Useful Career Materials
Published Sept. 4, 2014. This Chronicle of Higher Education article by Sydni Dunn explores the recent job trends for history PhDs.
This book by Ronald G. Ehrenberg, Harriet Zuckerman, Jeffrey A. Groen, and Sharon M. Brucker, focuses on the current state of doctoral education in the humanities and some of the challenges of the various programs.
Published on October 30, 2012 in The Chronicle of Higher Education, this article by L. Maren Woods explores what PhDs in history do with their degree if they are not working in academia. She examined four history departments and tracked where the 45+ percent of PhDs who did not receive academic appointments worked. She found that contrary to the stereotype that they worked as baristas at Starbucks, these PhDs found a wide range of careers including the traditional public history careers, publishing and editing, government jobs, and higher education administration. Some had successful careers as independent scholars and historians. Others became independent business executives and some went on to get additional degrees to become lawyers, politicians, and librarians.
This is a two part article from Inside Higher Ed that explores how best to conduct a job search if you are ABD. It is written by Gerry Candavan and based on his own job-hunting experience as an ABD.
This article by Peter Schmidt in The Chronicle of Higher Education cites a 2011 report from the American Historical Association's Perspectives on History on the history job market. Although the market is still tough, it shows that there may be a small improvement in the market for history professors.
Published on March 11, 2013 in The Chronicle of Higher Education, this article by Stacy Matton discusses the increasing costs and the growing business of helping Ph.D. graduates find a job in academia.
Alexandra M. Lord, the "author" of the Beyond Academe website discusses why faculty members and department chairs need to track the career trajectories of their graduate students and that graduate education needs to be reformed but only with the input of graduates who have pursued careers outside academia.
Author Robin Wilson discusses in these two articles how some individuals with PhDs have chosen to work as independent scholars rather than working in academia.
This article by Jon Marcus in USA Today brings national attention for the need for colleges and universities to take a more a more active role in helping graduates find jobs.
From The Chronicle of Higher Education's column "Manage Your Career" - "Why would a scholarly organization like the council (American Council on Learned Societies) request a one- or two-page résumé from a Ph.D.?" Julie Miller Vick is senior associate director of career services at the University of Pennsylvania, and Jennifer S. Furlong is director of the office of career planning and professional development at the Graduate Center of the City University of New York Graduate Center. They are the authors of "The Academic Job Search Handbook" (University of Pennsylvania Press).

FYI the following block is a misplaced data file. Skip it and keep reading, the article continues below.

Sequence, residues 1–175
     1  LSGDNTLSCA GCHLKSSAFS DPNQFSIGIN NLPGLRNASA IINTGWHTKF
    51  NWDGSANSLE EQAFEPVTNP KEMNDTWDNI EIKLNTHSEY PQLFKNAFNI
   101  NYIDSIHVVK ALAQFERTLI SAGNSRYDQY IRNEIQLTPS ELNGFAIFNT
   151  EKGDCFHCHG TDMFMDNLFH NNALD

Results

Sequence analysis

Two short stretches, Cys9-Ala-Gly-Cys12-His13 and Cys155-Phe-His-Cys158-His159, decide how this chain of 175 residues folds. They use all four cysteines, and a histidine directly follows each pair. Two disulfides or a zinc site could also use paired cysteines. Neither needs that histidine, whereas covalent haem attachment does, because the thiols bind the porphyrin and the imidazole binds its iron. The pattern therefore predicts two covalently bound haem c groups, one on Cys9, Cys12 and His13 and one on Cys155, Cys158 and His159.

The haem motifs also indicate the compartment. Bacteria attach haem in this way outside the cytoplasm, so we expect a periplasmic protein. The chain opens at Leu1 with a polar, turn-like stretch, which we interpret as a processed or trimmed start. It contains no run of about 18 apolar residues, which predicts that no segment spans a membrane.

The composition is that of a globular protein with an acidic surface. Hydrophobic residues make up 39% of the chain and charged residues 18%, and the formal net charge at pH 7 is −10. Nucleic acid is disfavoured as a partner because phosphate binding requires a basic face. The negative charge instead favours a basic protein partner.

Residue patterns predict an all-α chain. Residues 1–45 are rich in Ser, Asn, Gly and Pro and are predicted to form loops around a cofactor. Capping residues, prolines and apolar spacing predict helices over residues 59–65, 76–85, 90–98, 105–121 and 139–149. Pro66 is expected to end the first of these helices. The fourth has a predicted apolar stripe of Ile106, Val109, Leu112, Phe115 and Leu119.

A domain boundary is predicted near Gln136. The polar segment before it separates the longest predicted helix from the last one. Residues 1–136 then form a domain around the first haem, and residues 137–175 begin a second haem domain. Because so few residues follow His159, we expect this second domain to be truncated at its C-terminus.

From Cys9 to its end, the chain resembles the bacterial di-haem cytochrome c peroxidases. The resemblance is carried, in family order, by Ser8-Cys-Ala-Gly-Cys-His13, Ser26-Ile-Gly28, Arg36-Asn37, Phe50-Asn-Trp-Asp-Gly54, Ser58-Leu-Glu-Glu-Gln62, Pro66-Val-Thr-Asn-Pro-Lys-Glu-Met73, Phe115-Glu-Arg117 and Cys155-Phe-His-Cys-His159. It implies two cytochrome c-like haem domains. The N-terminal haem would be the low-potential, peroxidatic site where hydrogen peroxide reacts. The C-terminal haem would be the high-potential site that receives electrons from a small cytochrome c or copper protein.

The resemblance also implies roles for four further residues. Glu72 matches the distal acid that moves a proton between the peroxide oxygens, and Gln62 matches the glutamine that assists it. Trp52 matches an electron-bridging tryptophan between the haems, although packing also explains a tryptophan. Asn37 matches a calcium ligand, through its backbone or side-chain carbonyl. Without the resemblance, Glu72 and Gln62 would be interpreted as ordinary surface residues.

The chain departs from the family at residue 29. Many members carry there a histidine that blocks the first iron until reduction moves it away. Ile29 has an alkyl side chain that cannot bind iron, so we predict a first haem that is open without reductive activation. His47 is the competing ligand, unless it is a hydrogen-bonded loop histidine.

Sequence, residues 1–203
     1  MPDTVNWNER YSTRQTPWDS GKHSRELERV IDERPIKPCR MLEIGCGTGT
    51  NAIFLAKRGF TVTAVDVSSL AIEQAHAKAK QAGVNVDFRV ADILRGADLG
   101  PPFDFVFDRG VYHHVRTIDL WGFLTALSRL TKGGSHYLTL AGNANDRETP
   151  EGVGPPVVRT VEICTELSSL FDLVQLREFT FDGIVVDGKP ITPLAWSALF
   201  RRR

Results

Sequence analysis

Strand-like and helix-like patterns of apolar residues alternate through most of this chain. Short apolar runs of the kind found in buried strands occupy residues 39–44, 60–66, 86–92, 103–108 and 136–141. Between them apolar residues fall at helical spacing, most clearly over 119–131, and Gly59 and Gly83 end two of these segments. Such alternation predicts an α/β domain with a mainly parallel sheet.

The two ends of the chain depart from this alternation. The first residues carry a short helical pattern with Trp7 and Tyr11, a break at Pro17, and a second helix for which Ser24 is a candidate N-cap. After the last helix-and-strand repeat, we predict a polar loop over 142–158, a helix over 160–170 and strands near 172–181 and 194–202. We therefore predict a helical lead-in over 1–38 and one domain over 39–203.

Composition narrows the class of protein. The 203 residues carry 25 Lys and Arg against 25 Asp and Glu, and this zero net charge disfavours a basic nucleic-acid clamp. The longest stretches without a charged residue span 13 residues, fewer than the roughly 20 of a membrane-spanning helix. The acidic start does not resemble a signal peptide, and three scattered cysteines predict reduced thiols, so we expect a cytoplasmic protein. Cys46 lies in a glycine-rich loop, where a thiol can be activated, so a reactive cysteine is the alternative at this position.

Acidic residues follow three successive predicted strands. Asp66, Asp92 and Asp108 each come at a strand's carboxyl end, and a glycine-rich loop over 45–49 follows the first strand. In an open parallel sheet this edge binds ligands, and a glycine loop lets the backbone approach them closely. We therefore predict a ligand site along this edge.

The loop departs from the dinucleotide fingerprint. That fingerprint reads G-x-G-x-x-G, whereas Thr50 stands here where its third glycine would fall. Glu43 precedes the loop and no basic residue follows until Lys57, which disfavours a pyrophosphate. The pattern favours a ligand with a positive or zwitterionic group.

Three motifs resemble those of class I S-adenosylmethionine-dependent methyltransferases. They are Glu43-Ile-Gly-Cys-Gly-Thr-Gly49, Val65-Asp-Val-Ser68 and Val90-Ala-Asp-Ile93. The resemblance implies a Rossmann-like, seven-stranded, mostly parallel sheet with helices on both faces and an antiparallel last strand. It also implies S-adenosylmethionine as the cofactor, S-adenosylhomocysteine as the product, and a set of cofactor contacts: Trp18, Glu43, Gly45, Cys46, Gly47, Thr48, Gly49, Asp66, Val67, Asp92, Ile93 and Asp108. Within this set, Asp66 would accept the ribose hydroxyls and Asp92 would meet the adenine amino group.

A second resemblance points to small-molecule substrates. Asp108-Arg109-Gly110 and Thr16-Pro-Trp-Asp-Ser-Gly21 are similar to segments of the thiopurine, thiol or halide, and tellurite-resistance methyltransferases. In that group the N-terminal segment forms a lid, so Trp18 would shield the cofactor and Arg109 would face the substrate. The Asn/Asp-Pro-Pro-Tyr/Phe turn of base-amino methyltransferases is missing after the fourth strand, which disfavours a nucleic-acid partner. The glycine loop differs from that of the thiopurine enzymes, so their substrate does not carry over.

From The Chronicle of Higher Education's The 2-Year Track - "Academics are notoriously bad at what other professionals call 'networking.'" -- Rob Jenkins is an associate professor of English at Georgia Perimeter College.
From The Chronicle of Higher Education - 15 ways in which faculty members harm their own futures, often without knowing it. -- Robert J. Sternberg is provost and senior vice president at Oklahoma State University, and a professor of psychology and education there. He will take office this year as president of the University of Wyoming.
From "The Chronicle of Higher Education's "Do Your Job Better" column - A new professor resolves to start his career with less of a wall between him and his students—but how? Javier Jiménez is an assistant professor of Spanish and director of Latin American studies at Marietta College. He is chronicling his transition to his first tenure-track job.
In The Chronicle of Higher Education's Manage Your Career column, Thomas J. Straka writes about reviewing applications for a tenure-track position. Thomas J. Straka is a professor of forestry at Clemson University.
From The Chronicle of Higher Education's On Hiring column which provides "advice on managing the academic career". Diane M. Fennig is a senior consultant with the Human Capital Group, an executive-search and leadership-consulting firm based in Brentwood, Tenn.
A Ph.D. candidate at a Southern university discusses what happens when a dual-career couple in history ignores all the warnings and goes in search of two teaching jobs. "Eunice Williams" (a pseudonym) has been chronicling her search for a tenure-track job on the The Chronicle of Higher Education'swebsite.
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